Lucy, you got some 'splainin' to do
"It now appears that the Attorney General was not being straight with the Judiciary Committee and he has some explaining to do," Feingold said in a statement yesterday.Jeralyn has the transcripts of the confirmation hearings for Abu Gonzales. Here's a taste:
A Justice Department spokesman said yesterday the department had not yet reviewed the Feingold letter and could not comment.
Sen. Feingold: And I also would like you to answer this: does the president, in your opinion, have the authority acting as commander in chief to authorize warrantless searches of Americans' homes and wiretaps of their conversations in violation of the criminal and foreign intelligence surveillance statutes of this country?I imagine it will be especially difficult for Gonzo to now come before the senate and say in his best Emily Litella voice: "ne-ver-miiind" given that he is on the record as "categorically rejecting" the notion that King George has the inherent authority to ignore the criminal statutes or the Constitution of the United States. Yet, that is the very core of the administration's argument that Doofus Dowrong can spy on innocent Americans without a warrant, just because he has "reasonable suspicion" that they might be in some tangential way "associated" (whatever that means) with terrorists.
MR. GONZALES: Senator, the August 30th memo has been withdrawn. It has been rejected, including that section regarding the commander in chief authority to ignore the criminal statutes. So it's been rejected by the executive branch. I categorically reject it. And in addition to that, as I've said repeatedly today, this administration does not engage in torture and will not condone torture. And so, what you really are -- what we're really discussing is a hypothetical situation that --
I can tell you what it has meant to date, that the FBI has chased down an awful lot of pizza places simply because someone who happened to receive or make a call overseas also happened to call out for pizza.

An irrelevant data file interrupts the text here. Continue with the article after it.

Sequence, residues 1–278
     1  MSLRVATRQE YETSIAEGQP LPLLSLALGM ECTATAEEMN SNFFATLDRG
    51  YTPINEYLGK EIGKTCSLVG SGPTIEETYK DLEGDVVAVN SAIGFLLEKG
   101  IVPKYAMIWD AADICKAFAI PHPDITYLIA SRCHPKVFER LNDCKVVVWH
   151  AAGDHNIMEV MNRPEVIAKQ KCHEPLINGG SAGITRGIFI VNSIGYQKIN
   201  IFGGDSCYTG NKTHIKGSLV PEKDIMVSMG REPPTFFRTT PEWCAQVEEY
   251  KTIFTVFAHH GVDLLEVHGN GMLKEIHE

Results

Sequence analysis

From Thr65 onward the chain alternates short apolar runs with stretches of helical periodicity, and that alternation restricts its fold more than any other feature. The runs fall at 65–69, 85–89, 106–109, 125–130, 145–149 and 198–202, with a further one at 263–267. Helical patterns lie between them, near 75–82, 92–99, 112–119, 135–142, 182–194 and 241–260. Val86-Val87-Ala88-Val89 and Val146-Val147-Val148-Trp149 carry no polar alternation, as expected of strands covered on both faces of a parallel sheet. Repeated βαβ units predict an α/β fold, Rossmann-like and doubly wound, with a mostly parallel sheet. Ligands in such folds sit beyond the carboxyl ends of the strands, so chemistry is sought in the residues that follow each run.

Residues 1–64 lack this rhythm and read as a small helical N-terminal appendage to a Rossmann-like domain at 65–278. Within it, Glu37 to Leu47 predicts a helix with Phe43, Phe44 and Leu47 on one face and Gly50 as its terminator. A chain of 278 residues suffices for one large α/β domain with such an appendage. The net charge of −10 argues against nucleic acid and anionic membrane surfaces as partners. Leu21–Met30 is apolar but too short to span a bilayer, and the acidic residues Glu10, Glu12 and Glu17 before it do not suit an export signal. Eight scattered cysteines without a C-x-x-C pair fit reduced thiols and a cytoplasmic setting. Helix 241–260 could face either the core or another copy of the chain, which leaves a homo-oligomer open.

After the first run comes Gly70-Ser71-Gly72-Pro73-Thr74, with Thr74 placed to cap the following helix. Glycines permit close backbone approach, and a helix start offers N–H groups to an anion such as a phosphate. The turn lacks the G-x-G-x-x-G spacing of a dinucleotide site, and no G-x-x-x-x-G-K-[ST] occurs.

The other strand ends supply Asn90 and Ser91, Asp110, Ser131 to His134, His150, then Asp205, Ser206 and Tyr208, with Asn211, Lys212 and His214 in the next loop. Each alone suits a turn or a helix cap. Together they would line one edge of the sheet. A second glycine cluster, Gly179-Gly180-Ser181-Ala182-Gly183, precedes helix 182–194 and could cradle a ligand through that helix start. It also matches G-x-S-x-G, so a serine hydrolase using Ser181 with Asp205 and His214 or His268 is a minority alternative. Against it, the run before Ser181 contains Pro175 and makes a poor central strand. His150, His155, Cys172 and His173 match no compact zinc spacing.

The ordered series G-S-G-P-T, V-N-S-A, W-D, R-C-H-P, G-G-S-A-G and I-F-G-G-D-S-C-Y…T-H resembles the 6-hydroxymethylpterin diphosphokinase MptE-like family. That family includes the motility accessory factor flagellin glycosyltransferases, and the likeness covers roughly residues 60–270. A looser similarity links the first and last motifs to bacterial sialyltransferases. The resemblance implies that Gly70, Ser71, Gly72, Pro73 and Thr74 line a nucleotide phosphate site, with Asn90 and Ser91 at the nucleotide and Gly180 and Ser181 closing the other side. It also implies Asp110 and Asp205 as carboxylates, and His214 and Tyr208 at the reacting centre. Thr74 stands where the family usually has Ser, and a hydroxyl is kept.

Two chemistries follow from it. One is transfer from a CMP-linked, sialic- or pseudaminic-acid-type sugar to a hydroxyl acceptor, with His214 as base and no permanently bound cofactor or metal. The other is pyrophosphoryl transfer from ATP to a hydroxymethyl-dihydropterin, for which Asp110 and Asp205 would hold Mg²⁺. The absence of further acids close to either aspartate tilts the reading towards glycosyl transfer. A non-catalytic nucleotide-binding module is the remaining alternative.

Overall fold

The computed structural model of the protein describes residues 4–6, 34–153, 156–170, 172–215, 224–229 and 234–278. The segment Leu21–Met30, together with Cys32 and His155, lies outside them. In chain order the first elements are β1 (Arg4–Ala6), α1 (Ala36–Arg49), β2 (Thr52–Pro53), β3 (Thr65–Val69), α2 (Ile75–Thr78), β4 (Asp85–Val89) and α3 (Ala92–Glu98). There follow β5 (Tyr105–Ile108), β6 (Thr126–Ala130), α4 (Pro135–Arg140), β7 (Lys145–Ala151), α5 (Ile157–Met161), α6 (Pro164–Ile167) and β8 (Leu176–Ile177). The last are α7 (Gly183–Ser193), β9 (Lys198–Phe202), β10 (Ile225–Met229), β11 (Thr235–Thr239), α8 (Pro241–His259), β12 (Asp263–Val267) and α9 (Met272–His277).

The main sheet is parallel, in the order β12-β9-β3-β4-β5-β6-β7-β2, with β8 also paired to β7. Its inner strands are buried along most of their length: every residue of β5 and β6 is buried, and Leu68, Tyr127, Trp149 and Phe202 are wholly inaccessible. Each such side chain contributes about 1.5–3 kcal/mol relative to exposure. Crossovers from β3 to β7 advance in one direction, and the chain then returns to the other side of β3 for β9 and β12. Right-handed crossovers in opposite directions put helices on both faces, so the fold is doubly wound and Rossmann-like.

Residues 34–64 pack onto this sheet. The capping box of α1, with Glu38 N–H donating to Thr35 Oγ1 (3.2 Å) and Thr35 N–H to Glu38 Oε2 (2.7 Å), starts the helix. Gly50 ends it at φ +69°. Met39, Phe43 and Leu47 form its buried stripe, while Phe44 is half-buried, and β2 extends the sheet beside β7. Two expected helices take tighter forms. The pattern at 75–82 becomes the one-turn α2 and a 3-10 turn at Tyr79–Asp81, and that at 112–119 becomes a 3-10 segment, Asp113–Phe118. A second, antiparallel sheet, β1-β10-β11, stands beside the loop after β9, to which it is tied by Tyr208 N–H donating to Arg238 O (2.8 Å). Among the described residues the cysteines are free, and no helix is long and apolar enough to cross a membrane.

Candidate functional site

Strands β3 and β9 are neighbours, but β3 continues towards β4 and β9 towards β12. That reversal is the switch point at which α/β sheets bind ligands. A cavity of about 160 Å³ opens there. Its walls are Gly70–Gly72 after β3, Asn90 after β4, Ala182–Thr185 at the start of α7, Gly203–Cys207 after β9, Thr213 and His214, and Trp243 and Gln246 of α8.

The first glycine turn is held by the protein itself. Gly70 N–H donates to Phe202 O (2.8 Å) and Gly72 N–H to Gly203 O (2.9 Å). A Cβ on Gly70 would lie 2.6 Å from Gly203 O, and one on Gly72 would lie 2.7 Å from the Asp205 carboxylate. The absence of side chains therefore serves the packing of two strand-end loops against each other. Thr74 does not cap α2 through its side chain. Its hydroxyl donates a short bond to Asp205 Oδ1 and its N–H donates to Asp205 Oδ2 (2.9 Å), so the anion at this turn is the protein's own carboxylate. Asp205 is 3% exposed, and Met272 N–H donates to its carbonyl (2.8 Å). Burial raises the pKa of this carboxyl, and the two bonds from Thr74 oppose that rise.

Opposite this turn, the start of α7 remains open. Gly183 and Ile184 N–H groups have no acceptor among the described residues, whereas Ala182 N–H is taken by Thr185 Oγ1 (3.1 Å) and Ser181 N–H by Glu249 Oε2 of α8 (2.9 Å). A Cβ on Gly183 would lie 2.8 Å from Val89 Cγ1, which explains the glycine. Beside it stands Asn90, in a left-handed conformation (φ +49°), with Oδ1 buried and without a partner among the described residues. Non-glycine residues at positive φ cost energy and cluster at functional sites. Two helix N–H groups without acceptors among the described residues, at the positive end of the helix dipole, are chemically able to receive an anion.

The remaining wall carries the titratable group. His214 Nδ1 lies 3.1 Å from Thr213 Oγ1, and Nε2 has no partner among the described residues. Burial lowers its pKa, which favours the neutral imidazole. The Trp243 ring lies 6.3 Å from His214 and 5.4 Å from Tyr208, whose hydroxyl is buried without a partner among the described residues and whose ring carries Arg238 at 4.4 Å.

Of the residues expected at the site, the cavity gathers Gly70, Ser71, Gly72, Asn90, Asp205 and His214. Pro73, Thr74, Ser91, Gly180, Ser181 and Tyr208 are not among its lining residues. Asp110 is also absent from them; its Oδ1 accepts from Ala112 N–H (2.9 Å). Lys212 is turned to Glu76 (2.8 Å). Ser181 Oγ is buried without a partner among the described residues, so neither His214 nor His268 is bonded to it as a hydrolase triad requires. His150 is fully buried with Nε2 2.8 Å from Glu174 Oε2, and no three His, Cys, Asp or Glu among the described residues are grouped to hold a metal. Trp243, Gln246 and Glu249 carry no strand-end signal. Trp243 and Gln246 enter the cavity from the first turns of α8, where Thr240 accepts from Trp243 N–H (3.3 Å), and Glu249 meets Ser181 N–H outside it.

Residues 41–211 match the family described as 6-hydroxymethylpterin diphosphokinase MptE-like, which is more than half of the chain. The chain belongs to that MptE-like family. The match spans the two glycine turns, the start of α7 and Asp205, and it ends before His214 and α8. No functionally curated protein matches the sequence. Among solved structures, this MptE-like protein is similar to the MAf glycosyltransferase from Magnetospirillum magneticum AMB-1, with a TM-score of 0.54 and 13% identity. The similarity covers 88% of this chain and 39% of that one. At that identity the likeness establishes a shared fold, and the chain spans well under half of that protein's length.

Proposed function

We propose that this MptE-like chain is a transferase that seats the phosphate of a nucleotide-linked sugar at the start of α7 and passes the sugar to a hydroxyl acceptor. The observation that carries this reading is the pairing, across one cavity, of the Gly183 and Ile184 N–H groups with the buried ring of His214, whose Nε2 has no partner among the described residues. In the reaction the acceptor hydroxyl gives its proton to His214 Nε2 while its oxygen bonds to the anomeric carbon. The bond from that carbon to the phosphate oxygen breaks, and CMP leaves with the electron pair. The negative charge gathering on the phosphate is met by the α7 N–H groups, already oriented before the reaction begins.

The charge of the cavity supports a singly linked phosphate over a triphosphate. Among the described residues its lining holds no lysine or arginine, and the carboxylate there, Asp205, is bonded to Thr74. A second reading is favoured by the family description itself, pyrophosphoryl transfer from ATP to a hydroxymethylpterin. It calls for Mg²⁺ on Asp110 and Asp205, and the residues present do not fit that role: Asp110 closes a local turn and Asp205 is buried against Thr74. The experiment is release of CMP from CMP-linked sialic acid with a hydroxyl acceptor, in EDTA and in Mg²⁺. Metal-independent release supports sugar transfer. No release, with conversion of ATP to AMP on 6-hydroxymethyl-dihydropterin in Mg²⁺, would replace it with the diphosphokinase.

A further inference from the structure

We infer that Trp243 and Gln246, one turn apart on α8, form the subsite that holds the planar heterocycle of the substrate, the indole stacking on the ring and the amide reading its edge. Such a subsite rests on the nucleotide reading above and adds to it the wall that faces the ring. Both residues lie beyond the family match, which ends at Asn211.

We also know that the Justice Department had serious concerns about the program. Top officials, including Deputy Attorney General James Comey, had apparently questioned the legality of the surveillance. Rank-and-file agents reportedly started to joke that the intelligence gleaned from the spying was so unreliable that a new batch of tips meant more "calls to Pizza Hut." It bears noting that the very individuals who now claim that the NSA program is illegal may be the ones who broke the law in the first instance.Either way, I think that it is entirely possible that Abu Gonzales might lose his job over this. Senators don't like it when you lie to their faces under oath. Besides, it is against the law.
(a) Except as otherwise provided in this section, whoever, in any
matter within the jurisdiction of the executive, legislative, or
judicial branch of the Government of the United States, knowingly
and willfully -
(1) falsifies, conceals, or covers up by any trick, scheme, or
device a material fact;
(2) makes any materially false, fictitious, or fraudulent
statement or representation; or
(3) makes or uses any false writing or document knowing the
same to contain any materially false, fictitious, or fraudulent
statement or entry;
shall be fined under this title or imprisoned not more than 5
years, or both.